Prince George’s County Executive Angela D. Alsobrooks (D) on Friday made a strong geographic and racial appeal for Dereck E. Davis’ bid to become the next speaker of the Maryland House of Delegates.
Speaking to reporters at a county elementary school, Alsobrooks said Davis, the chair of the House Economic Matters Committee, was “well prepared” to lead the chamber following the death Sunday of long-serving Speaker Michael E. Busch (D-Anne Arundel).
“As the leader of Prince George’s County, I think it would be ideal to have — as a presiding officer — a person who represents Prince George’s County,” she said. “As you know, we do not have in statewide leadership a single Prince Georgian, nor do we have an African-American.”
She described Davis as “fair-minded and respected, able to listen to both sides.” In an interview she called him “very intelligent… with a nimble mind. A thinker.”
Davis has said little publicly about his desire to succeed Busch, who served as speaker for 17 years. Neither has the other presumed frontrunner, Del. Maggie L. McIntosh (D-Baltimore), the chair of the Appropriations Committee.
But there is widespread agreement in the political community that McIntosh is close to sewing up the majority of the House Democratic Caucus. A State House Democratic insider told Maryland Matters that McIntosh has 49 commitments, compared to 22 for Davis. In a caucus with 98 members, 50 votes would be needed to attain the majority.
The Washington Post reported late Friday that McIntosh has 51 commitments from Democrats.
Republicans could also be a factor in the outcome, because the full House selects the speaker. The House GOP Caucus has 42 members.
While there has been activity behind the scenes, the politicking has been mostly hidden from view out of respect for Busch, whose funeral has been scheduled for Tuesday.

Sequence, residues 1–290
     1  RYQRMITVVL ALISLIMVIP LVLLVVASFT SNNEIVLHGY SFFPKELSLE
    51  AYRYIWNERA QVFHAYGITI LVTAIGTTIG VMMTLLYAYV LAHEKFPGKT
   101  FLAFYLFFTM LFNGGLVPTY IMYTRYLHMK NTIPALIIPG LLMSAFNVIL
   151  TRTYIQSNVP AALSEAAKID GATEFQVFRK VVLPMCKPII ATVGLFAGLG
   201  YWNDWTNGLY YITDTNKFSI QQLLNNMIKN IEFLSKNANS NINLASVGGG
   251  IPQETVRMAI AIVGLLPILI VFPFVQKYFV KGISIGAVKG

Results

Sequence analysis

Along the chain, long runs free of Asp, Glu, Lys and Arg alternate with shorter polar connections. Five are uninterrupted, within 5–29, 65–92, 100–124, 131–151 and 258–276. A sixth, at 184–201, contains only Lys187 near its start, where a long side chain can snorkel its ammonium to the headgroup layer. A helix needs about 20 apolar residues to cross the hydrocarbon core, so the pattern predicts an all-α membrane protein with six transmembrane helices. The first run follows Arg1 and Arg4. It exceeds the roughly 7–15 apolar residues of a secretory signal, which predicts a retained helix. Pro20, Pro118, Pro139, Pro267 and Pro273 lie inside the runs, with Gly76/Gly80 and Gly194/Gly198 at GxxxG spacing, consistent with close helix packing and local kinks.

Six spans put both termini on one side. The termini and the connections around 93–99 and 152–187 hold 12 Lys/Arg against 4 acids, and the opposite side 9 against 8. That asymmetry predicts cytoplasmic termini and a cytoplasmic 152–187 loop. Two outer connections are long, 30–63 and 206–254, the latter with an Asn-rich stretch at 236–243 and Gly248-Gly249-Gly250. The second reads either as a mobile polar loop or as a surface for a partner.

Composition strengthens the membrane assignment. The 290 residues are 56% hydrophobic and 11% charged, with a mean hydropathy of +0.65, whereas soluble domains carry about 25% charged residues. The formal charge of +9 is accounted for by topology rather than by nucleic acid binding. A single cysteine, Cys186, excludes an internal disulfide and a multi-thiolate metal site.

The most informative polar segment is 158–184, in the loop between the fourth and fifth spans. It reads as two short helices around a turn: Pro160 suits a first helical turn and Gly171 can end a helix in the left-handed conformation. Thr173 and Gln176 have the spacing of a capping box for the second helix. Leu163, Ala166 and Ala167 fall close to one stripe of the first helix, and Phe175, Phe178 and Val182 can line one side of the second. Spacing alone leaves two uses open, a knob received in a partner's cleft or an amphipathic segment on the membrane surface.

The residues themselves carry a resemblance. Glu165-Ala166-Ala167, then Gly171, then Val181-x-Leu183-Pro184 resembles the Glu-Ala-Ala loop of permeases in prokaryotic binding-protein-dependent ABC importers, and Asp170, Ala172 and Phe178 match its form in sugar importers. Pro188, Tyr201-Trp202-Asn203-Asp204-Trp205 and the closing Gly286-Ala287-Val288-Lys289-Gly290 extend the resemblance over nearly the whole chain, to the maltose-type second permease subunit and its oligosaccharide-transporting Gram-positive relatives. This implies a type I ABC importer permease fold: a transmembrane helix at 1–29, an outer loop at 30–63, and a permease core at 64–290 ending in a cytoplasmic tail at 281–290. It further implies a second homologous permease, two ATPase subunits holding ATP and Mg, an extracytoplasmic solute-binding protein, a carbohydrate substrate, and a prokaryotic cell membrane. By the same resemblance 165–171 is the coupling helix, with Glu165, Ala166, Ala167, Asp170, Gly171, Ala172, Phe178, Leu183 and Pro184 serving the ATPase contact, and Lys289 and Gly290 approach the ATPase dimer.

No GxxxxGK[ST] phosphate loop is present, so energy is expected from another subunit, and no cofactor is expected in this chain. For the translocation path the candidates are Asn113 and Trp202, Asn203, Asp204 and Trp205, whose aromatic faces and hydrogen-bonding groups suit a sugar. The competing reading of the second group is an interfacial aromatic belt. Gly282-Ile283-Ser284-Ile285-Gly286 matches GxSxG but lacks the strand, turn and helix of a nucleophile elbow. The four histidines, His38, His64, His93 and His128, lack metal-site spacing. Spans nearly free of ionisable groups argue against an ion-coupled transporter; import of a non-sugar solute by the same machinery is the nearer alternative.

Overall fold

Speaker Pro Tem Adrienne A. Jones (D-Baltimore County) told the Baltimore Sun on Wednesday that she intends to seek the post.
“I’ve been speaker pro tem for the last 16 years,” she told the paper. “In terms of my style, I’m fair to everybody and I know when I need to be firm. I would be the best person to continue Speaker Michael Busch’s legacy.”
Jones said she decided to make her candidacy public out of concern her colleagues might view the race as a two-person contest.
“The message was getting out that, ‘Adrienne is not interested,’” Jones said. “I’m making my calls now so that people know that I am definitely interested.”
It appears certain that the next speaker will make history. If McIntosh or Jones prevail, it will mark the first time a woman has become leader of the House. Davis or Jones would be the first African-American to hold the post. McIntosh would be the first openly gay person to lead the chamber.
Jones’ candidacy received a boost on Friday when The Afro newspaper endorsed her in a front-page editorial.
Under a large color photo of the lawmaker and a banner headline reading “It’s Time!” the editorial noted that Jones, who served as speaker pro team for 16 years, led the chamber for a long stretch at the end of this year’s session as Busch faced health challenges.
“At the end of the volatile 2019 Maryland General Assembly, Speaker Jones proved she is more than capable of leading the Maryland House of Delegates under difficult circumstances,” The Afro said.
“During her years as a Delegate, she has worked to make the State of Maryland a better place to live and work. Although there are others worthy of taking the mantle of Speaker, we believe Jones is the best person at this pivotal time to lead Maryland’s House.”
Jones’ candidacy undoubtedly complicates the contest for the others, as now there are two women, two persons of color and two candidates from the Baltimore area.
In an interview, Alsobrooks said she is willing to make calls on Davis’ behalf but has not done so yet. In his day job, Davis is deputy director of community relations for the Prince George’s County government.
“I would be happy to assist him in talking to people,” she said. “I think Dereck would be a wonderful speaker. This is a person who listens more than he talks. This is a rare quality in public service.”